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Brain Res. 2017 Oct 1;1672:106-112. doi: 10.1016/j.brainres.2017.07.014. Epub 2017 Jul 21.

Chronic intermittent ethanol exposure selectively alters the expression of Gα subunit isoforms and RGS subtypes in rat prefrontal cortex.

Author information

1
Department of Physiology & Pharmacology, Wake Forest School of Medicine, Winston Salem, NC 27157, USA.
2
Department of Physiology & Pharmacology, Wake Forest School of Medicine, Winston Salem, NC 27157, USA. Electronic address: rchen@wakehealth.edu.

Abstract

Chronic alcohol exposure induces pronounced changes in GPCR-mediated G-protein signaling. Recent microarray and RNA-seq analyses suggest associations between alcohol abuse and the expression of genes involved in G-protein signaling. The activity of G-proteins (e.g. Gαi/o and Gαq) is negatively modulated by regulator of G-protein signaling (RGS) proteins which are implicated in drugs of abuse including alcohol. The present study used 7days of chronic intermittent ethanol exposure followed by 24h withdrawal (CIE) to investigate changes in mRNA and protein levels of G-protein subunit isoforms and RGS protein subtypes in rat prefrontal cortex, a region associated with cognitive deficit attributed to excessive alcohol drinking. We found that this ethanol paradigm induced differential expression of Gα subunits and RGS subtypes. For example, there were increased mRNA and protein levels of Gαi1/3 subunits and no changes in the expression of Gαs and Gαq subunits in ethanol-treated animals. Moreover, CIE increased the mRNA but not the protein levels of Gαo. Additionally, a modest increase in Gαi2 mRNA level by CIE was accompanied by a pronounced increase in its protein level. Interestingly, we found that CIE increased mRNA and protein levels of RGS2, RGS4, RGS7 and RGS19 but had no effect on the expression of RGS5, RGS6, RGS8, RGS12 or RGS17. Changes in the expression of Gα subunits and RGS subtypes could contribute to the functional alterations of certain GPCRs following chronic ethanol exposure. The present study suggests that RGS proteins may be potential new targets for intervention of alcohol abuse via modification of Gα-mediated GPCR function.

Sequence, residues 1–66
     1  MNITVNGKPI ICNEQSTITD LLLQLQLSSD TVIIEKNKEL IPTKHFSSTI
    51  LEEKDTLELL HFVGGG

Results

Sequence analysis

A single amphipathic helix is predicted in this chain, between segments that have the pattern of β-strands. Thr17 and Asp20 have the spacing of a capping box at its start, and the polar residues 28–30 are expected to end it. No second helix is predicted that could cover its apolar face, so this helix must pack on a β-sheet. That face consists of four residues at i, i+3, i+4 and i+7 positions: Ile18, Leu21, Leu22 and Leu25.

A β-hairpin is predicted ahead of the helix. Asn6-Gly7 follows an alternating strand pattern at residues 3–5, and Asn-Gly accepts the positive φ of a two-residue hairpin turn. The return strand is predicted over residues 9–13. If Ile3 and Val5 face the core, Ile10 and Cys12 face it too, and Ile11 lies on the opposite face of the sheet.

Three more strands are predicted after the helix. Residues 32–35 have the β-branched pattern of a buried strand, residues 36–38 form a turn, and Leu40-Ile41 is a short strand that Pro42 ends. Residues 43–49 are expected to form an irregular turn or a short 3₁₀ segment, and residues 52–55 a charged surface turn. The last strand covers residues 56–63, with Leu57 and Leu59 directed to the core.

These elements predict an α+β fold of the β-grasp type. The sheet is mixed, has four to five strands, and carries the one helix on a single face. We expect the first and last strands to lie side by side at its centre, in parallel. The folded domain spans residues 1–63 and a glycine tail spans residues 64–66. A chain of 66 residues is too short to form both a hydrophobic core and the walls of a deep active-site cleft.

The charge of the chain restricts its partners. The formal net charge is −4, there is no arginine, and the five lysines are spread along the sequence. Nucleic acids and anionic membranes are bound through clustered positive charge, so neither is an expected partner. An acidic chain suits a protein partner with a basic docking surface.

KEYWORDS:

Chronic intermittent ethanol; Gαi; Gαo; RGS proteins

PMID:
28736108
PMCID:
PMC5576566
DOI:
10.1016/j.brainres.2017.07.014
[Indexed for MEDLINE]
Free PMC Article

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